If anyone can find a criticism of Dr. Hazel, it's that he spreads himself a little thin now and then, said Dean R. Bennett, MD, but he's always made patient care a priority. Dr. Bennett founded Commonwealth Orthopaedics with Dr. Hazel; the two are close friends. Dr. Bennett said Dr. Hazel's lengthy experience in administrative and executive work indicate he'll do a good job as secretary.

One of Dr. Hazel's predecessors in the post advised putting solid people in every agency. "You can't know in depth every one of the 13 offices and agencies, so hire to your weaknesses," said Jane Woods, Virginia's health secretary from 2002-2006.

Dr. Hazel, whose father owns a prominent construction firm in Virginia, initially considered following in his dad's footsteps. He earned an undergraduate degree in civil engineering. But after an operation to remove a cyst from his knee, his surgeon suggested he consider medicine, and that led him in a new direction, Dr. Hazel said.

Back to top


ADDITIONAL INFORMATION

William A. Hazel Jr., MD

Hometown: Broad Run, Va.

Education: BS, Princeton University (1978); MD, Duke University School of Medicine (1983).

Medical experience: Orthopedic surgeon, Mayo Clinic (1983-88); orthopedic surgeon, private practice (1988-present); team physician, Washington Redskins (1988-94); team physician, Chantilly High School Chargers (1988-present); team physician, D.C. United, (19962007).

Leadership: Chair, American Medical Association Board of Trustees' Young Physicians Section (1991-92); president, Fairfax County (Va.) Medical Society (1997); chair, Virginia delegation to the AMA Board of Trustees (1999-2003); chair, AMA Council on Legislation (2001-02); president of medical staff, Inova Fair Oaks Hospital (2002-03); president, Medical Society of Virginia (2002); member, Inova Health System Board of Trustees (2004-05); member, AMA Board Of Trustees (2004-10).

Family: Married to Cindy; two children: Drew, Suzanne.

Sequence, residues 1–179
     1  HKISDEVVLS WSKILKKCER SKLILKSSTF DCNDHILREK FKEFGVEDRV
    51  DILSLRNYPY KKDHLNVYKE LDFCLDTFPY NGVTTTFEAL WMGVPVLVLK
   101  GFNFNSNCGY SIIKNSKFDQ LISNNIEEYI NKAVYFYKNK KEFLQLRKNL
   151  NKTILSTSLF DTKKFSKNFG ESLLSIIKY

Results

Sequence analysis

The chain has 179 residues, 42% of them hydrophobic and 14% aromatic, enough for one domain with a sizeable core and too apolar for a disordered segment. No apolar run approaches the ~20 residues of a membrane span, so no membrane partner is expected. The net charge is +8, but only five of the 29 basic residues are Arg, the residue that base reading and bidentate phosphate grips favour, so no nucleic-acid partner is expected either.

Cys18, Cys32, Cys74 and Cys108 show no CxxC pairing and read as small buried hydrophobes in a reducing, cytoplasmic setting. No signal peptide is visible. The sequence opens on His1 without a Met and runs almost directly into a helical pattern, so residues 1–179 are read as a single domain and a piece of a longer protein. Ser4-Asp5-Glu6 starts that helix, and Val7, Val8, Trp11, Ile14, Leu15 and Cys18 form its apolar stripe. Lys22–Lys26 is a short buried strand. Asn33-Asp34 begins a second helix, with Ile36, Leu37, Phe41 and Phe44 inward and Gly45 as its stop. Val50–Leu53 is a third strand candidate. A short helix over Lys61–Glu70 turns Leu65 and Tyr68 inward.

Hobbies: Reading, crosswords, long walks and occasional golf.

Back to top


ADVERTISEMENT

ADVERTISE HERE


Featured
Read story

Confronting bias against obese patients

Medical educators are starting to raise awareness about how weight-related stigma can impair patient-physician communication and the treatment of obesity. Read story


Read story

Goodbye

American Medical News is ceasing publication after 55 years of serving physicians by keeping them informed of their rapidly changing profession. Read story


Read story

Policing medical practice employees after work

Doctors can try to regulate staff actions outside the office, but they must watch what they try to stamp out and how they do it. Read story


Read story

Diabetes prevention: Set on a course for lifestyle change

The YMCA's evidence-based program is helping prediabetic patients eat right, get active and lose weight. Read story


Read story

Medicaid's muddled preventive care picture

The health system reform law promises no-cost coverage of a lengthy list of screenings and other prevention services, but some beneficiaries still might miss out. Read story


Read story

How to get tax breaks for your medical practice

Federal, state and local governments offer doctors incentives because practices are recognized as economic engines. But physicians must know how and where to find them. Read story


Read story

Advance pay ACOs: A down payment on Medicare's future

Accountable care organizations that pay doctors up-front bring practice improvements, but it's unclear yet if program actuaries will see a return on investment. Read story


Read story

Physician liability: Your team, your legal risk

When health care team members drop the ball, it's often doctors who end up in court. How can physicians improve such care and avoid risks? Read story